Sports Documentary : ‘The Last Dance’ breaks all records on ESPN and Netflix
The “The Last Dance”, 10 part documentary on the life of one of the greatest basketball player Michael Jordon and his time…
The “The Last Dance”, 10 part documentary on the life of one of the greatest basketball player Michael Jordon and his time with the Chicago Bulls has broken all records on ESPN and Netflix.
ESPN claims all viewership records broken
The documentary averaged more than 5.6 million viewers per episode during its 5-week run, and is pulling in nearly 13 million viewers an episode from on-demand viewing, ESPN announced on Thursday.
“The Last Dance” averaged 5.648 million viewers across all 10 episodes when they premiered on Sunday nights the past five weeks — making it the most-watched ESPN documentary of all time.
The first episode had the largest audience at 6.34 million, while the eighth episode had the lowest at 4.918 million. That was the only episode to pull in fewer than five million viewers.
As Per the report, it was the top program across all of television since live sports were stopped in mid-March due to the coronavirus among men between the ages of 18-54.
“We are thrilled with the response from fans throughout the run of the series,” ESPN executive vice president Connor Schell said in a statement. “The past five Sunday nights have brought fans together providing the type of communal viewing experience traditionally reserved for live sports. The exceptional content of the series has cut through culturally and sparked conversations far beyond ESPN platforms.”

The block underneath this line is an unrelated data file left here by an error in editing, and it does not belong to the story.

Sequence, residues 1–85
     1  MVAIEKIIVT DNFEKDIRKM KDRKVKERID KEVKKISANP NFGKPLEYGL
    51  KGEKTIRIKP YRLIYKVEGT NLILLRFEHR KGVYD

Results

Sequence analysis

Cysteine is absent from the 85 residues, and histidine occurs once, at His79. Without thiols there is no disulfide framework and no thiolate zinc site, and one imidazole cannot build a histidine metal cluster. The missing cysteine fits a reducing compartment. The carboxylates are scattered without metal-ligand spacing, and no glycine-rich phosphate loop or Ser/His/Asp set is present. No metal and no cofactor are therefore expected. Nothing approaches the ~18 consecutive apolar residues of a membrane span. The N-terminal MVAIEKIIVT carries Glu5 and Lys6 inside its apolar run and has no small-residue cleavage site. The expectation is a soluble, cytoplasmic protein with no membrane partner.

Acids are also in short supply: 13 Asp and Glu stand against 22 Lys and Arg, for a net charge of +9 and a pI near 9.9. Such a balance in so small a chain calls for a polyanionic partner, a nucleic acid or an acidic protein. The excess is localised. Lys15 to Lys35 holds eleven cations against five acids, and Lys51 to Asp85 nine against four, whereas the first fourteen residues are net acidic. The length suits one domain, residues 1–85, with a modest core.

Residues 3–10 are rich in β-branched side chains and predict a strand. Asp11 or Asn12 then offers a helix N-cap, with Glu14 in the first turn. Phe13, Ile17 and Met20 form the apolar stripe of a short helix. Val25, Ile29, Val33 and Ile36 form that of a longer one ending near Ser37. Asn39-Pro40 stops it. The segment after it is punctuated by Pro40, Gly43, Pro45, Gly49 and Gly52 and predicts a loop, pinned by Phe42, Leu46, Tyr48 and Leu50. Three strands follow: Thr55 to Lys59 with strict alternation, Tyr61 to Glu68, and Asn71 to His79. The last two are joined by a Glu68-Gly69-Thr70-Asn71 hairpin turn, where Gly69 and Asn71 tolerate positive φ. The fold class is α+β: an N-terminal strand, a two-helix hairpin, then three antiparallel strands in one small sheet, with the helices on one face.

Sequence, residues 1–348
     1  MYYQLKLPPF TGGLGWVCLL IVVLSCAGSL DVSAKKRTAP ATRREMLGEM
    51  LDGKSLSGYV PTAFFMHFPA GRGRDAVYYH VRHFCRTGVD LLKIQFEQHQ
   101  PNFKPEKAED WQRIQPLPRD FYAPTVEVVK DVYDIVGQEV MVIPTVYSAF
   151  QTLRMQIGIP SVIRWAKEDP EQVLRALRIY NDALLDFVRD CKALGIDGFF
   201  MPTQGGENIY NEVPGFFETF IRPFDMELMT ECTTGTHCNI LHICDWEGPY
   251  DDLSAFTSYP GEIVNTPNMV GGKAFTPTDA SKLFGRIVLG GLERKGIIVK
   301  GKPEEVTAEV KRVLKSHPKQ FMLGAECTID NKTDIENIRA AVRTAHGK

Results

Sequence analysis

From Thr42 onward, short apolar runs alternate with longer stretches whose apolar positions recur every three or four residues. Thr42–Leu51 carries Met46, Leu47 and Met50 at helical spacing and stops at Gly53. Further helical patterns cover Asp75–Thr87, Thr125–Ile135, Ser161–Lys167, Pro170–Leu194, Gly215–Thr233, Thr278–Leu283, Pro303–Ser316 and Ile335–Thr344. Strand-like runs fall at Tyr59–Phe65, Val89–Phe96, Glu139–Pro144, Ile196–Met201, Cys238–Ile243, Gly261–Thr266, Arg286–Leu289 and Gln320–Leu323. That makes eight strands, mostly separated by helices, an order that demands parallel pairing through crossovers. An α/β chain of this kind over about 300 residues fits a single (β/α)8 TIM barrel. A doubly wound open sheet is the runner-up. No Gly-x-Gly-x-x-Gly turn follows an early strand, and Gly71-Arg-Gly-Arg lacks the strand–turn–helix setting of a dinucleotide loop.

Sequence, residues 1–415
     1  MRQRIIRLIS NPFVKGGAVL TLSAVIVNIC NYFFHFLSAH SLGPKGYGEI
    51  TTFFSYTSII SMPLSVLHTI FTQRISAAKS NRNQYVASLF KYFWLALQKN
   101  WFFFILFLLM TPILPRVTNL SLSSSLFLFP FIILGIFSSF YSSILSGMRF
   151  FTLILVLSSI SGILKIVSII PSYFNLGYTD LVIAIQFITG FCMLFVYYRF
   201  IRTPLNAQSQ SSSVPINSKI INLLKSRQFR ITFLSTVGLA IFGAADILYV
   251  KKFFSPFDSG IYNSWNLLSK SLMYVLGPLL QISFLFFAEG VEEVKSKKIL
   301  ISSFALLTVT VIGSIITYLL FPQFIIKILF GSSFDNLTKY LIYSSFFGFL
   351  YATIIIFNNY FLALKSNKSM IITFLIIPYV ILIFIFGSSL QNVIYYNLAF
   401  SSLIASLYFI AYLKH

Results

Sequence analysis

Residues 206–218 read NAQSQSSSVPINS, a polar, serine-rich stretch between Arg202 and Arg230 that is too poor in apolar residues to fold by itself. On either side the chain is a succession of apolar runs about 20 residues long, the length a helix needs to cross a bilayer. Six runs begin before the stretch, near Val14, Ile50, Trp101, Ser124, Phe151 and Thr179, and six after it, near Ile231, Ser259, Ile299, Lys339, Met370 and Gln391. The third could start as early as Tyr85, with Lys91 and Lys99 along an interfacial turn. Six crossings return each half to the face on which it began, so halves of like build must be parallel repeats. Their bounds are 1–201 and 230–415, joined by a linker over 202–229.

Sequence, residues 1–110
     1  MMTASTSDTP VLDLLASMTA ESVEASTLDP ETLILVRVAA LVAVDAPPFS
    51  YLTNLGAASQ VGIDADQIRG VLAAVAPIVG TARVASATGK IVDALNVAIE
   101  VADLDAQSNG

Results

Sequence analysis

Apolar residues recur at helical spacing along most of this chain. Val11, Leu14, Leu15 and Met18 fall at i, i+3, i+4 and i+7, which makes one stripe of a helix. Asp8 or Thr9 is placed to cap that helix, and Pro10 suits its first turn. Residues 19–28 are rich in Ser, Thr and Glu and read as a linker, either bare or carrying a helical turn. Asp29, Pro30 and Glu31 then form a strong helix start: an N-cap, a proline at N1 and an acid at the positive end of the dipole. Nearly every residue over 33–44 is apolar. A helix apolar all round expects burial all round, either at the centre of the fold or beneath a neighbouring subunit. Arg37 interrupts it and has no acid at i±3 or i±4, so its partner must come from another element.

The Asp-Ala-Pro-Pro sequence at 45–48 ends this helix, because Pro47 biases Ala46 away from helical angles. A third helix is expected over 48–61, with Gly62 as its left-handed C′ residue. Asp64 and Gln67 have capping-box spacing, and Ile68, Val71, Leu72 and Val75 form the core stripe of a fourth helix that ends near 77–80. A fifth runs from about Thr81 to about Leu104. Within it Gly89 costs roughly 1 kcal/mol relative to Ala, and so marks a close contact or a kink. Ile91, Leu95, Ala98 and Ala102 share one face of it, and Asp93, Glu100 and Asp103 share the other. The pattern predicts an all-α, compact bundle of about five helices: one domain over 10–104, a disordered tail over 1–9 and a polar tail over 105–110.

Netflix claims – Documentary watches by 23.8 Mn outside US
Netflix says overseas hoops fans flocked in huge numbers to “The Last Dance,” the documentary series about Michael Jordan and the ’90s Chicago Bulls team, which has been a ratings smash in the U.S. for ESPN.
Netflix tweeted the numbers Wednesday, claiming that 23.8 million households outside the U.S. checked out “The Last Dance” in its first four weeks on the service. “23 was always his lucky number!” the streamer said, referencing Jordan’s jersey number.
But some big caveats are in order — Netflix’s selectively reported viewing figures aren’t comparable to TV ratings. The streamer bases its publicly reported audience metrics based on how many member accounts watched a given show or movie for a minimum of just 2 minutes — an in-house calculation the company claims is a better reflection of popularity than average time spent viewing, which is how the television world measures viewership.